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I created a pattern with simplicity and good definition in mind. It makes a five petaled flower about 5 1/2 inches across. Because my finger is replacing the hook the super-bulky yarn weight is necessary. Hometown USA® has my favorite flower colors, but I’ll be using Wool-Ease® Thick & Quick® because I feel it works better with my sweaty hands. Crochet can be hard, athletic work 😉 . My favorite yarn for this pattern is the cotton Bonbons with a tight 2.75mm hook. It makes intricate, clear and tight flowers that would look great attached to a hat, headband, or scarf.

 

:: Can’t see the video above? Click here to watch – https://youtu.be/59Cr3EzepzM ::
 

Why am I doing this? Because it is crazy fun! and I am hoping that it will help bring attention to Alzheimer’s disease and support for caregivers. At “Walk To End Alzheimer’s” events participants hold up flowers for a “Promise Garden” moment of silence and commitment. The color of the flower that they hold represents their connection to Alzheimer’s. A blue flower represents someone who has Alzheimer’s, purple for those who have lost someone to Alzheimer’s, yellow for caregivers, and orange for those who recognize the importance of support and working to end the disease.

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I don’t have a specific plan as to how I will choose who to give a flower to. I’ll try to follow inspiration rather than hallucinations from exhaustion. I think that I’ll probably be biased towards people wearing hand-knit items or purple in support of the Alzheimer’s Association. Alzheimer’s affects far too many people’s lives. I hope that you’ll join me in making some flowers for people that you know who are affected.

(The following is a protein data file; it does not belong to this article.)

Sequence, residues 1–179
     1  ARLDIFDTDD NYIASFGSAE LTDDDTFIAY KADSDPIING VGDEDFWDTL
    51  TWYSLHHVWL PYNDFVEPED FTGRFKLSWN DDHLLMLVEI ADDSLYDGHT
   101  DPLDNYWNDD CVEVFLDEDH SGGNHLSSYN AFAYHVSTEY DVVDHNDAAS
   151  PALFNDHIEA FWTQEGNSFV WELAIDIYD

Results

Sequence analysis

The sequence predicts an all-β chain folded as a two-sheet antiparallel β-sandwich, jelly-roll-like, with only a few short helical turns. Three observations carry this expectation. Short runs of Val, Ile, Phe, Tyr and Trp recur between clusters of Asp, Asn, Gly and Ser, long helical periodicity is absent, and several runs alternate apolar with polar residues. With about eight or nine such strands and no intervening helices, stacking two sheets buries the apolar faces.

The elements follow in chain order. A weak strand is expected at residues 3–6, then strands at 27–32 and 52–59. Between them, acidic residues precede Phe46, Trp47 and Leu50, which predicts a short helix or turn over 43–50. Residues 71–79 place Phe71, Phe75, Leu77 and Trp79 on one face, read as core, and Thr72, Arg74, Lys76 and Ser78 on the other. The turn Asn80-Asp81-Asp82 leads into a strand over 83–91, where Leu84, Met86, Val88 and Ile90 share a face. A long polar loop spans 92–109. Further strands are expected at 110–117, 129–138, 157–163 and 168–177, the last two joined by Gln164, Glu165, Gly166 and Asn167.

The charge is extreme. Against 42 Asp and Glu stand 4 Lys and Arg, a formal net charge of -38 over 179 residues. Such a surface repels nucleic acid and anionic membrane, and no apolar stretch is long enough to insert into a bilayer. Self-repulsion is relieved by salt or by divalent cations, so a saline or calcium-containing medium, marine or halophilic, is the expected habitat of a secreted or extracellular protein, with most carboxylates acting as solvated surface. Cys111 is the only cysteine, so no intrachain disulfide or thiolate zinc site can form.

—David Babcock, the Knitting Runner and Running Hooker

:: Donate and support Alzheimer’s research — make a
donation to David Babcock’s Alzheimer’s Fundraiser today!
::

 

 

David Babcock

David Babcock ran the 2014 NYC Marathon in 3:56 (a PR) and raised just under $10k for Alzheimer’s research.

 


Provide Comfort During Challenging Times: A “Healing Shawls” Giveaway!

October 23rd, 2015

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We’ve appreciated your stories about knitting and crocheting for friends or loved ones during challenging times, and in response, we’re bringing you a book filled with beautiful crochet shawl patterns, Healing Shawls (Crochet) by Leisure Arts.

We understand that words may not always be enough when it comes to expressing concern or hope for someone else’s well-being. When friends and family are faced with difficult circumstances, sometimes the best way to show or tell them you care is to make something for them. Giving someone a handmade gift is a great way to show your support; a handmade gift is always heartfelt and appreciated.